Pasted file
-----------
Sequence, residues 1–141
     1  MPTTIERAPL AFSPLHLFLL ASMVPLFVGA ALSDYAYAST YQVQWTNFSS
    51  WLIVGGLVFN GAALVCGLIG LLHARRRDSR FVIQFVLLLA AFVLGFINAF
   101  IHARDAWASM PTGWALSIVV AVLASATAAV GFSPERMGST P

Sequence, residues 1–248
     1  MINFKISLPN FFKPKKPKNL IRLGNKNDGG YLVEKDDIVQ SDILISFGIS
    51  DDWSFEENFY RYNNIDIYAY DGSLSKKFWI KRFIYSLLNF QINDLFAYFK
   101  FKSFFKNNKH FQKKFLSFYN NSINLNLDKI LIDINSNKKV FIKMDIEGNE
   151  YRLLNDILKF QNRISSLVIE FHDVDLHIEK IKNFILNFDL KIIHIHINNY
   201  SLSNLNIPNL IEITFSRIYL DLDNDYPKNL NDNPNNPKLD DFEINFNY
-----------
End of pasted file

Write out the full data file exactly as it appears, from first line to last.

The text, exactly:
Sequence, residues 1–141
     1  MPTTIERAPL AFSPLHLFLL ASMVPLFVGA ALSDYAYAST YQVQWTNFSS
    51  WLIVGGLVFN GAALVCGLIG LLHARRRDSR FVIQFVLLLA AFVLGFINAF
   101  IHARDAWASM PTGWALSIVV AVLASATAAV GFSPERMGST P

Sequence, residues 1–248
     1  MINFKISLPN FFKPKKPKNL IRLGNKNDGG YLVEKDDIVQ SDILISFGIS
    51  DDWSFEENFY RYNNIDIYAY DGSLSKKFWI KRFIYSLLNF QINDLFAYFK
   101  FKSFFKNNKH FQKKFLSFYN NSINLNLDKI LIDINSNKKV FIKMDIEGNE
   151  YRLLNDILKF QNRISSLVIE FHDVDLHIEK IKNFILNFDL KIIHIHINNY
   201  SLSNLNIPNL IEITFSRIYL DLDNDYPKNL NDNPNNPKLD DFEINFNY